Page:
“The only thing that is constant is change.” A phrase published by Heraclitus, a Greek philosopher, in 500 B.C. still holds true in 2015. Perhaps, no one understands that belief more than someone trying to sell a sport sponsorship in an increasingly competitive market.
Everyday is a new day, a fresh start. The people responsible for designing and activating sponsorships have to be at the top of their game. IEG, a leading organization in sponsorship analysis, insight, valuation, and measurement, proposes four trends to know and follow in hopes of leading a successful campaign.
Start by telling a story to the target audience, but don’t necessarily make it about your company. Take note of country singer Toby Keith’s song “I Wanna Talk About Me.” Potential buyers like talking about a brand, but what they really want is to talk about themselves: what they think, like, know, want, and see. A brand can nurture stories by asking people to participate and become advocates. Consider PepsiCo’s “Are You Fan Enough?” campaign with the National Football League in 2013.
The advertising creative captures the excitement of experiencing and connecting to the game by showcasing various fans, teams, players and coaches getting ready for kickoff.”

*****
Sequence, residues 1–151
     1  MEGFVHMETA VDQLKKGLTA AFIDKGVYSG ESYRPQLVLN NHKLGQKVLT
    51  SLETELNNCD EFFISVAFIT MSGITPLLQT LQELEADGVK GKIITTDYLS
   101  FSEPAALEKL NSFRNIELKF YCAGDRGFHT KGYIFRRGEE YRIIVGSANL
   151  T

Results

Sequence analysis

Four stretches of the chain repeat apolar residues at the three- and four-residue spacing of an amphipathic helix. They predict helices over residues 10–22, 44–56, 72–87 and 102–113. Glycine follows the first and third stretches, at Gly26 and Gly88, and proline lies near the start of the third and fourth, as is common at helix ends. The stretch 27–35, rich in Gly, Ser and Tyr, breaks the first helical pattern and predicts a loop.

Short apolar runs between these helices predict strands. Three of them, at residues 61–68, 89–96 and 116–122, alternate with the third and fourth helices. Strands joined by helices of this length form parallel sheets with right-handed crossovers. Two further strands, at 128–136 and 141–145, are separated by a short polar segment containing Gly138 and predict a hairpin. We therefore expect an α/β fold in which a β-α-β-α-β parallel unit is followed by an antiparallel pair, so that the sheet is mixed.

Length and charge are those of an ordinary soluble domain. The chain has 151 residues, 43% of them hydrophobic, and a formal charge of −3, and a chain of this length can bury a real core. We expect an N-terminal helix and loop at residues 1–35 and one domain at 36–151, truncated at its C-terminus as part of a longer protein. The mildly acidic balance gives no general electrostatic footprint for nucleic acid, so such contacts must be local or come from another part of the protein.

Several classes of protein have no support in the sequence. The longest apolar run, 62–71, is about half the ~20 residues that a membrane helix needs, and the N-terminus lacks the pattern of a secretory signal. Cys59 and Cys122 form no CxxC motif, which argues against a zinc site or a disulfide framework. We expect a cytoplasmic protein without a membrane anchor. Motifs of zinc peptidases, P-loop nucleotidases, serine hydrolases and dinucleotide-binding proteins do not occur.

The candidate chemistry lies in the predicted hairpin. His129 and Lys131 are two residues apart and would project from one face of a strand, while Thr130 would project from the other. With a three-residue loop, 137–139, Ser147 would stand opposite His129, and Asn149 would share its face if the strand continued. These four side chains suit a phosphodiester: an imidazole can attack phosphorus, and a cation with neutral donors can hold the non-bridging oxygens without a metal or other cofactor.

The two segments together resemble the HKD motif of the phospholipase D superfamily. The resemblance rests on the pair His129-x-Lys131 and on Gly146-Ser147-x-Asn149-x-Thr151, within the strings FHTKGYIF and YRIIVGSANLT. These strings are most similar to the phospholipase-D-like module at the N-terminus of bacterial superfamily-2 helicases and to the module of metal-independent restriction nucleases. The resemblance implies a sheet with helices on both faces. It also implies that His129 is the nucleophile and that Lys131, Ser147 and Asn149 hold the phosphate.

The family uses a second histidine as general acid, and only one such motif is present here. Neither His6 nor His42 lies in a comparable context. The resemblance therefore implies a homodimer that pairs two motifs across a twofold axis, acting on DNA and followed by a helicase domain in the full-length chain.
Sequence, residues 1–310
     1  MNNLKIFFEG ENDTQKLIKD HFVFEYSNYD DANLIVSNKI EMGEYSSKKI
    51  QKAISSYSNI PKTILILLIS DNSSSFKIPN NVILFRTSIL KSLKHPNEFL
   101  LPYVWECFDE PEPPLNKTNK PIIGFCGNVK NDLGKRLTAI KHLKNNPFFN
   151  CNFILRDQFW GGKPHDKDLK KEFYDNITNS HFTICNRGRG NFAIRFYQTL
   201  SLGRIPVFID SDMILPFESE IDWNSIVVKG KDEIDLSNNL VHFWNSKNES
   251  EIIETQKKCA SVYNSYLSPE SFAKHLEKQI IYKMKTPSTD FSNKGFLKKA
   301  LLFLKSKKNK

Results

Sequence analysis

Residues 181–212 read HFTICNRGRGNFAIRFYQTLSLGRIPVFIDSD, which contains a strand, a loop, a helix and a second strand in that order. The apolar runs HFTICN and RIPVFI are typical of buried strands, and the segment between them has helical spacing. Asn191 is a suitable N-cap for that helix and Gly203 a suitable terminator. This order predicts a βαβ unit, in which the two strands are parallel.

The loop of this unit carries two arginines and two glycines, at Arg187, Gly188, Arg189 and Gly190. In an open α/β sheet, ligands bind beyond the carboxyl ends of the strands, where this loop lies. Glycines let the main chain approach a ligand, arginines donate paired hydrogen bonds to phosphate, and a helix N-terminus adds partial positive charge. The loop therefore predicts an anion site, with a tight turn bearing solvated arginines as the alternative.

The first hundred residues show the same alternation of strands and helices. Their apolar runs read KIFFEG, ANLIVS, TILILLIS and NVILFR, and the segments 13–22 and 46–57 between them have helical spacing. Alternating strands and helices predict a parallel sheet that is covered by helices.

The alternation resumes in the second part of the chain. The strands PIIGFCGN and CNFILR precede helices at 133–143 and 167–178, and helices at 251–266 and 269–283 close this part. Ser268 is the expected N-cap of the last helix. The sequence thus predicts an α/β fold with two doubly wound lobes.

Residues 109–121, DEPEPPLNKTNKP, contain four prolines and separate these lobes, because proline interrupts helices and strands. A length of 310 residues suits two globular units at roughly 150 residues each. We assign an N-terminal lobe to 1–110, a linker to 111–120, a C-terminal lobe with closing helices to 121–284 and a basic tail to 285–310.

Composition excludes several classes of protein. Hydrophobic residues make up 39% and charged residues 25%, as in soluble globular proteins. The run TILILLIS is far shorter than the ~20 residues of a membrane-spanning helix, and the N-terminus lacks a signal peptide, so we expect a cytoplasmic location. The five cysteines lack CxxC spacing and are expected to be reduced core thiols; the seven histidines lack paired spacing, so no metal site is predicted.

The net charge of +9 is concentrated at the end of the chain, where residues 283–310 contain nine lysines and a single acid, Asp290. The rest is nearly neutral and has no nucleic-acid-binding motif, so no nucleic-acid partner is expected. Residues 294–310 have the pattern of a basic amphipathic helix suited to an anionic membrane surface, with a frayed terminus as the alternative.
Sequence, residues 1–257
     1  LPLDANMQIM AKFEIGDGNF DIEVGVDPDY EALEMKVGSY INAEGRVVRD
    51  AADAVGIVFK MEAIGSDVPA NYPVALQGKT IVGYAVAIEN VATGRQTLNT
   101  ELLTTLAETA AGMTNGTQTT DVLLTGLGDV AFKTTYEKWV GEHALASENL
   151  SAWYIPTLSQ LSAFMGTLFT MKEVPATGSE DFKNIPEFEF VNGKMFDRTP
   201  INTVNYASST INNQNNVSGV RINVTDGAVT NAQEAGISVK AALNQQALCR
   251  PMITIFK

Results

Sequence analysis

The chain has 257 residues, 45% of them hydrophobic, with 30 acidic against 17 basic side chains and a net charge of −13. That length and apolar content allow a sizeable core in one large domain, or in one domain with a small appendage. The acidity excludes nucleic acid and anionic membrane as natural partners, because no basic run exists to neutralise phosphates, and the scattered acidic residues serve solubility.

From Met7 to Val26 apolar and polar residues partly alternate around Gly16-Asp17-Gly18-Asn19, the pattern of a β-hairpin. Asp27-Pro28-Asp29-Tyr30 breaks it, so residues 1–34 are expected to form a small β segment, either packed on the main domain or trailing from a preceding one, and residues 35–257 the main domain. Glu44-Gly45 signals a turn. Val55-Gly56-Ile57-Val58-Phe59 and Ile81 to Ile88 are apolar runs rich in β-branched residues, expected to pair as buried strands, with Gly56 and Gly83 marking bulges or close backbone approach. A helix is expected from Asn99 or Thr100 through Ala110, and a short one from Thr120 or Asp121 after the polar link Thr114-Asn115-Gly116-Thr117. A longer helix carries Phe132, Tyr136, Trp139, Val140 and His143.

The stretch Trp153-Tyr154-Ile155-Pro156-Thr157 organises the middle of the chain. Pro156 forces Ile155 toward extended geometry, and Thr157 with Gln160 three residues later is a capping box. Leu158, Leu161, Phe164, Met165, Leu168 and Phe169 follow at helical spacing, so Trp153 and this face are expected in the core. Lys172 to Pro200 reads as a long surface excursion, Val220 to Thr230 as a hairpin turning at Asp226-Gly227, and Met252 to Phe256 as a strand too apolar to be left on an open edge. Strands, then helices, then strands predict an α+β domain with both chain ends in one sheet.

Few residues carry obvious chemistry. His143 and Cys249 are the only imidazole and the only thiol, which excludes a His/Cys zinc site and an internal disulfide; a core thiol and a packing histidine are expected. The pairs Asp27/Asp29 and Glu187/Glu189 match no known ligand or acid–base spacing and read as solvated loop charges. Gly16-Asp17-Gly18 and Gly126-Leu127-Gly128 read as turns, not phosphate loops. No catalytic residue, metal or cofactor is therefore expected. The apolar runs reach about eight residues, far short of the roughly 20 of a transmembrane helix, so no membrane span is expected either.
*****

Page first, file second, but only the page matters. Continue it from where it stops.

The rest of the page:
In an attempt to create the ultimate fan experience, the campaign used engagement. It’s crucial to make potential buyers feel like they belong, part of the community.
According to the official news release, a ten-city bus tour tailgate party that allowed fans to deliver a personal message to their favorite team in hopes of making it to the jumbo-tron. NFL rookies asked fans to show they are “fan enough” by voting online for Rookie of the Week. Fans also got a chance to win tickets, team merchandise, and participate in special moments by using #FanEnough.
A sponsorship is no longer just about the value for the company. Serving and value for the consumer should be a primary focus. This campaign wanted fans to express their passion, build morale, and stick together until the end. If a team makes it to the Super Bowl, fans will have bragging rights, the chance to see the game, and it can put their team/hometown in the national spotlight.
The “Are You Fan Enough?” campaign was the first to be activated across all of PepsiCo’s brands. For example, Diet Pepsi is targeted toward women. The company used that brand to communicate with women that they could share their fandom, like team-inspirted manicures, to win prizes. The campaign was also innovative with its different techniques and messages with fans to “bring them closer to the teams, players and ultimately the game they love.”